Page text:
, c. 600 - 550 B.C.
The referenced XIV coin is similar, but from different dies, and the only other coin of this known to .SH84465. 1/24 , Unpublished in references; Classical Numismatic Group, XIV (4 Jan 2011), lot 309 ($1800 plus fees), VF, on a , edge cracks, 0.630 g, maximum 7.1 mm, , uncertain mint, c. 600 - 550 B.C.; cock standing left; quadripartite square punch; extremely ; $1350.00 (€1201.50)
Persian Empire, , Anatolia, Darios I - Xerxes II, c. 485 - 420 B.C.
SH84767. Gold daric, IIIb A/B, 275, 4679, F, bumps and marks, die wear, 8.295 g, maximum 15.7 mm, c. 485 - 420 B.C.; kneeling-running figure of the Great right, bearded, wearing crown and , a quiver at his shoulder, transverse spear downward in right hand, bow in extended left hand; irregular approximately rectangular punch; $1210.00 (€1076.90)
, c. 650 - 600 B.C., Rough Irregular "Typeless"
Some sales catalogs describe similar coins as the striated . The roughly parallel lines on the striated appear to be impressed into the "obverse" by lines cut into the anvil. On this coin, it appears the rough irregular "typeless" surface is simply flattened rough pre-strike features from the raw irregular nugget-like "planchet." Based on the apparent wear on the punch, huge numbers of this may have been struck. Very few have survived. This is the first example handled by .SH77378. 1/24 , cf. 7768, 682, I 14 -15, -, -, VF, 0.647 g, maximum 5.7 mm, uncertain mint, 650 - 600 B.C.; flattened rough irregular "typeless" surface; roughly square pyramidal punch with striated sides, divided roughly in half by a raised irregular line, striated sides and the irregular line appear to be the result of wear; very ; $970.00 (€863.30)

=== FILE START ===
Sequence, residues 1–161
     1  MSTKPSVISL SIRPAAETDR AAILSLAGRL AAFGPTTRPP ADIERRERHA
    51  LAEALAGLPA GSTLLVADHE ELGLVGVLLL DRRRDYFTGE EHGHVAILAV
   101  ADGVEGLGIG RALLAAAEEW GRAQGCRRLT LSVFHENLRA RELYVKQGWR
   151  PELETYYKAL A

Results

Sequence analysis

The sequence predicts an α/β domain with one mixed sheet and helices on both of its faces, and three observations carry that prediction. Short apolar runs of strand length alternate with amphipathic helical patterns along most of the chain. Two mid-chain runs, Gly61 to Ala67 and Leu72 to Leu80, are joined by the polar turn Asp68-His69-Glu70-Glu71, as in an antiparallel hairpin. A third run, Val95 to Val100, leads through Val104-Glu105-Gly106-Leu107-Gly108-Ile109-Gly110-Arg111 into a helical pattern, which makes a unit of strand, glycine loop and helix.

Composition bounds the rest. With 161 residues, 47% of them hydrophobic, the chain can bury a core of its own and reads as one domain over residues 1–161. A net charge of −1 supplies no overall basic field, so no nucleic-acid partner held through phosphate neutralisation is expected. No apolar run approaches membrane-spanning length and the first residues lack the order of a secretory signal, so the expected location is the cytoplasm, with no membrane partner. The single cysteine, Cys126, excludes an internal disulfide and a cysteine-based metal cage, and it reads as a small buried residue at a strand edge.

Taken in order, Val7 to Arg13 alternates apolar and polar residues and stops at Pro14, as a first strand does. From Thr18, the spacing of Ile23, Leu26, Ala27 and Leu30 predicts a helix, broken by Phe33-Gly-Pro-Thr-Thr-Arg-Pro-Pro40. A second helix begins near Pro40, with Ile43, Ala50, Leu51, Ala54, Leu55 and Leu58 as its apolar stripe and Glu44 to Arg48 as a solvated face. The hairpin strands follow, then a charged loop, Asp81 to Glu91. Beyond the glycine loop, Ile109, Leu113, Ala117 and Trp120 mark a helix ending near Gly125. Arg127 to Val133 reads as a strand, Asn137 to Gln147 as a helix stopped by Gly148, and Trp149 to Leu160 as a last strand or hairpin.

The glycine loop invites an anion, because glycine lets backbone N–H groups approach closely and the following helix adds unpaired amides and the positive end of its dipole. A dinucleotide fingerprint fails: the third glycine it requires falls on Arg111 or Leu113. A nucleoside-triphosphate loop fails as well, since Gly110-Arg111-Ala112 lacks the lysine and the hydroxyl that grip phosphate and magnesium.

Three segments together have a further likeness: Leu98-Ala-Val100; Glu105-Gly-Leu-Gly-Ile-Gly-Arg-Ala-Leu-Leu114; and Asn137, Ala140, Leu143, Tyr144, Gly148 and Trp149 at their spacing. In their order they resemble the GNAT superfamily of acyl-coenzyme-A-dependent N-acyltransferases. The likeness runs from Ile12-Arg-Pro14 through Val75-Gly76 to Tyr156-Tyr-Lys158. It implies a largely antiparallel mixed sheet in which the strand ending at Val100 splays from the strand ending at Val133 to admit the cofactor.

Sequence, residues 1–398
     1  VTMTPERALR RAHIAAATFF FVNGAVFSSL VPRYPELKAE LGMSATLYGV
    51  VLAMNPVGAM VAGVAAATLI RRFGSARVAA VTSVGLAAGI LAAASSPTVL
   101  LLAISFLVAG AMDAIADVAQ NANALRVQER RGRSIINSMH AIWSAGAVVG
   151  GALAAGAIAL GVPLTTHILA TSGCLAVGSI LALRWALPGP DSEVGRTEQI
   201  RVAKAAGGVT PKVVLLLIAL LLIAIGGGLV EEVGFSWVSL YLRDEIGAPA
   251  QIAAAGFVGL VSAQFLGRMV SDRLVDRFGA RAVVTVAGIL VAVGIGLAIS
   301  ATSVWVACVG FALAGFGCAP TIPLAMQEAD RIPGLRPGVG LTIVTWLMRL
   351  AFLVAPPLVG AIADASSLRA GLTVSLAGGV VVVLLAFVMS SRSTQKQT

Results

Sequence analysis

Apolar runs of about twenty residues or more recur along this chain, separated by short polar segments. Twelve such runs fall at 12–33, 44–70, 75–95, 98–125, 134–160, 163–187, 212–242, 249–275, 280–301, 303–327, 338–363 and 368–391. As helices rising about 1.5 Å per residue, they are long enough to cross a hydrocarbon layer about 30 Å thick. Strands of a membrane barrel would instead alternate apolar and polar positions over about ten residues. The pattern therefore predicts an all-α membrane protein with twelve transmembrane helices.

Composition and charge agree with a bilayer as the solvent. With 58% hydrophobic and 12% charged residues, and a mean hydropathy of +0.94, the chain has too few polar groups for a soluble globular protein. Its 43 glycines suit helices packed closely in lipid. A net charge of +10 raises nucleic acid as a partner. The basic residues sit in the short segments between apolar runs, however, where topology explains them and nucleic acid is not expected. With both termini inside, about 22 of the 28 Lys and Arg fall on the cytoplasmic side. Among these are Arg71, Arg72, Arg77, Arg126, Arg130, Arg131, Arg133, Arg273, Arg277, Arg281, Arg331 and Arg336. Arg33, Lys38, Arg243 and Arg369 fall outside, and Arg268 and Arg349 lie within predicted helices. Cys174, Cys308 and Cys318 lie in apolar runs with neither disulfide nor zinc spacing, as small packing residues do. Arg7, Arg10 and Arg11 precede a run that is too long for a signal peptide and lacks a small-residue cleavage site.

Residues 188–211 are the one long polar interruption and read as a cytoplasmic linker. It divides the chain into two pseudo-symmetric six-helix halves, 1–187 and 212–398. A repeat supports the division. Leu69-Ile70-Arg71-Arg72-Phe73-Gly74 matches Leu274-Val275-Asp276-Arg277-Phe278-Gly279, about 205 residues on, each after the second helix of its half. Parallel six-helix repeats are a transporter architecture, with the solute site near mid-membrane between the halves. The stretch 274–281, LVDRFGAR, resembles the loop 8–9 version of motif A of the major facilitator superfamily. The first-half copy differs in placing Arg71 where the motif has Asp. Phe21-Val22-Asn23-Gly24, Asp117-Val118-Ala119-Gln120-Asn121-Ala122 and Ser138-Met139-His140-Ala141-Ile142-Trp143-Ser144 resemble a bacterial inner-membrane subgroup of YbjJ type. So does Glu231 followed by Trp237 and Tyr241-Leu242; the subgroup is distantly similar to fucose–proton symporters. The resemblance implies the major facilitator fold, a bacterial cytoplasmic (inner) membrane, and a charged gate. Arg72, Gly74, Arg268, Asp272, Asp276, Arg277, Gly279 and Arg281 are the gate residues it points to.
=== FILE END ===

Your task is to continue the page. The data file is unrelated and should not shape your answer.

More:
Roman Republic, Large Domed Ingot, Aes Formatum, 4th Century B.C.
Called aes formatum by , this very bronze currency was a precursor to the issues of but later than . Presumably, molten bronze-iron was poured into a shallow hole in the dirt. This left a disc-shaped metal mound with a flat . Broken examples are much more common than ones like this.AR11900. Cast bronze Aes Formatum, p. 4, pl. 2.7; 1.64 kg (3 lbs, 10 oz), maximum 14.6 cm, Italian mint, 4th century B.C.; convex ; flat ; the is in the photograph to indicate the size, not included; very ; $800.00 (€712.00)
, c. 650 - 600 B.C., Plain Globular
Mankind's first coin ! and important. This is an example of the very earliest form of coinage; a type-less (blank) globule, weighed to a specific , with a simple square punch mark on one side (two or three punch marks on larger denominations). Nine similar pieces were within the famous "Artemision Find" at in 1904.SH84751. 1/24th , 678, -, -, -, -, VF, bumps, marks, and scratches, struck with a damaged punch (one corner broken), 1.129 g, maximum 6.9 mm, uncertain mint, c. 650 - 600 B.C.; plain globular surface; punch: roughly square pyramid with sides striated from wear; ; $640.00 (€569.60)
, c. 600 - 550 B.C.
Unpublished in the references but known from auction listings, some of which fail to notice the two "eyes."SH84755. hemihekte, 1/12 Lydo-Milesian ; cf. CNG auction (9 Mar 2016), lot 156 (same dies); 9 ; -; I -; -, aVF, scratches, 1.136 g, maximum 7.8 mm, uncertain mint, c. 600 - 550 B.C.; plain with to pellets side-by-side on the edge (crude beetle?); irregular six-lobed pattern; very ; $630.00 (€560.70)